Site Design Best Practices

Here we have all the details you will need regarding your site design. If you hit any walls or can't figure something out, let us know and we'll help you get on your feet.

The elements of your design outlined below are all controlled through the Site Design tab in Radmin.

Table of Contents

01 Logo

02 Color

03 Font

04 Header Images

05 Default Images

06 Image Mask Texture

01 Logo

Once you've gone through design brainstorming and settled on a logo (see this guidance and reference our other Do logos), you'll need a hi-res version.

Your website is on a responsive framework, meaning that the logo will change in size depending on what device and what size window/device the user is browsing on.

You'll need 1 large version of your logo saved out with the template provided below (fig 01a). Try to fit your logo as big as you can in the attached template, and save as a png. Remember, this is your logo at twice the size it will actually display on the website. It’s twice as big here to accommodate for retina displays.

fig. 01a


Specs: 106 px high and no wider than 400px


Step 1: Download the newly resized .PSD Template. This will make it scale to fit the nav header placement or anywhere else on your new site.

Step 2: Upload the logo to the Images tab in Radmin under "Logo URL"

Mobile Logo

This logo fits better with responsive resizing. If you don't input a mobile logo, your site will simply keep the regular logo and it will resize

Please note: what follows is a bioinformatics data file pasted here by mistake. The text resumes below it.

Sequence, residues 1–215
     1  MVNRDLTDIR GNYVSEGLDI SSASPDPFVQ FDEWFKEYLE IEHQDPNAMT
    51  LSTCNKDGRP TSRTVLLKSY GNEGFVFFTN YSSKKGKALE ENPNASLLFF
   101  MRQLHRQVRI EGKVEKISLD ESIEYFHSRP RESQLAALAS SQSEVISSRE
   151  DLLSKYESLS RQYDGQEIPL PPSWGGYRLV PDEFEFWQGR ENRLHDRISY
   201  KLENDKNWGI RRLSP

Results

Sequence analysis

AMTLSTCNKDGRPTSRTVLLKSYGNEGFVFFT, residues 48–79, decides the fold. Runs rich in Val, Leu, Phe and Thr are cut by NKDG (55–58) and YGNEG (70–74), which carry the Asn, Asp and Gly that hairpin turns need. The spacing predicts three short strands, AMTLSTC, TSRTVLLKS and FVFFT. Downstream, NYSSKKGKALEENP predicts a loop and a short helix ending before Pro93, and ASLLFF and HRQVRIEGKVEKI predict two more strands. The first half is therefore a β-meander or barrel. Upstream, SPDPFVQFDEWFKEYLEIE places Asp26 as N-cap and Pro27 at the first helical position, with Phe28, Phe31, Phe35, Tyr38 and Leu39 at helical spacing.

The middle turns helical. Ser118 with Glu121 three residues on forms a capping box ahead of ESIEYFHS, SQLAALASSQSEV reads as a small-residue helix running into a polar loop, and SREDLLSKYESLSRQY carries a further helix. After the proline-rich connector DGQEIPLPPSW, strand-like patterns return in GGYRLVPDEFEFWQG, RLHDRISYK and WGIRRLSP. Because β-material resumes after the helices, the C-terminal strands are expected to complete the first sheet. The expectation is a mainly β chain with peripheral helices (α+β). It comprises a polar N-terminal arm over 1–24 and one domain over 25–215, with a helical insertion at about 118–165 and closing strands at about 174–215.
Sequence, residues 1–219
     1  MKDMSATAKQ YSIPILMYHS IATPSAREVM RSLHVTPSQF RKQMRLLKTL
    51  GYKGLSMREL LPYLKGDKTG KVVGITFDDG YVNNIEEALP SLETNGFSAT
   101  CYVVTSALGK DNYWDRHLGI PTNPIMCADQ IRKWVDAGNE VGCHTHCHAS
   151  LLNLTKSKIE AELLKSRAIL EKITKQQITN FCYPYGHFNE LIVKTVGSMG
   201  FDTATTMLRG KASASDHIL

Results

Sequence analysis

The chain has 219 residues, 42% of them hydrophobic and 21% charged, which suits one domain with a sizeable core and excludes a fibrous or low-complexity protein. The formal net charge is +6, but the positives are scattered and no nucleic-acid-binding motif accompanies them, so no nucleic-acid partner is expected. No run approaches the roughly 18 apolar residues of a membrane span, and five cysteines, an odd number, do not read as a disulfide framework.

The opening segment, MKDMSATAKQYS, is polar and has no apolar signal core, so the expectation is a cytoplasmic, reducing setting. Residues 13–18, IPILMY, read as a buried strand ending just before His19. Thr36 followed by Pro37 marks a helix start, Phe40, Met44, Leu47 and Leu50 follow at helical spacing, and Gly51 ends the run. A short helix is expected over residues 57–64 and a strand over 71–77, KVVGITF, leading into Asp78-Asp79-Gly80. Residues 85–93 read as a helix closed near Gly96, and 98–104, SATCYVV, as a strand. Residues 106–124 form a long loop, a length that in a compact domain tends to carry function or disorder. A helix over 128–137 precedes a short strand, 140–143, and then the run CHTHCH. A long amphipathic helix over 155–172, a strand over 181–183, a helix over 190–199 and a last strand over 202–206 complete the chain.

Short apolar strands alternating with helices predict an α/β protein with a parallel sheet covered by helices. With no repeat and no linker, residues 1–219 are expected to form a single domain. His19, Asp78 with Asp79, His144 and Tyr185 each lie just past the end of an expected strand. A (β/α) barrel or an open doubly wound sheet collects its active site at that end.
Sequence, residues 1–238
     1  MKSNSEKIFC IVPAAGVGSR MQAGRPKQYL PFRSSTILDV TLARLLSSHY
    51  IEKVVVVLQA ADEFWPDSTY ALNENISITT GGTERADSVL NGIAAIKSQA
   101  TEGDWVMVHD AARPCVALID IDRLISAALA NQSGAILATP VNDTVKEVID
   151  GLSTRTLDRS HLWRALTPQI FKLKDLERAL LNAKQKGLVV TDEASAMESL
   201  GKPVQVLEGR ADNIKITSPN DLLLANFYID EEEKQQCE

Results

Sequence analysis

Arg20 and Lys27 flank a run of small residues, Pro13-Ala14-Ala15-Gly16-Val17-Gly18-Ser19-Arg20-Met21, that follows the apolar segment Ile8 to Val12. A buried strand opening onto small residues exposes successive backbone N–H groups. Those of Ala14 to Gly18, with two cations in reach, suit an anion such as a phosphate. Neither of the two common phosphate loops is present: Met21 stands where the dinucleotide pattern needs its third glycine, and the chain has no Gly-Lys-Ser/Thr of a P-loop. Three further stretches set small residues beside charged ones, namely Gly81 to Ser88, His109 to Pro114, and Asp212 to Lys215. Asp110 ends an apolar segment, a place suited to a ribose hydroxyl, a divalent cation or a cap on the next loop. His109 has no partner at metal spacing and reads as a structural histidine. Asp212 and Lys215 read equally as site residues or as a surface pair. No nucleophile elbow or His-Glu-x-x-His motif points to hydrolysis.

Specs: We recommend the same height as your current logo but square, so 106x106.

Setup: Upload the logo to the Images tab in Radmin under "Mobile Logo URL"

Logo Versions

These are the different sized versions for different locations where your logo appears.







Step 1: Upload these in your assets

Step 2: Input the links in the comment section of the corresponding Asana Design task so that we can upload those for you

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02 Color

fig. 02a

Our color palette breaks down into two core groups: base and accent (fig 02a) in order to delineate between page/content hierarchy and points of user interaction (navigation, call to action, etc)

Base Colors

fig. 02b

The example base palette (fig. 02b) has a balance of dark and light shades of grey. If you browse the demo site, you'll see that

    • Header/Footer areas are always dark grey background

    • Main content areas are light grey background

This is a deliberate design decision to help the user clearly orient themselves within the different sections of each template. While the base colors themselves can change, the contrast between the two sections cannot. Any variation that doesn't have a very obvious contrast between the two sides will result in a less intuitive hierarchy and a lack of organization for the site (fig 2c.i.).

fig 2c.i.

And, if you would like the darker base to be a navy blue, make sure the navy blue is around the same level of darkness as the grey (fig. 02c.ii.)

fig. 02c.ii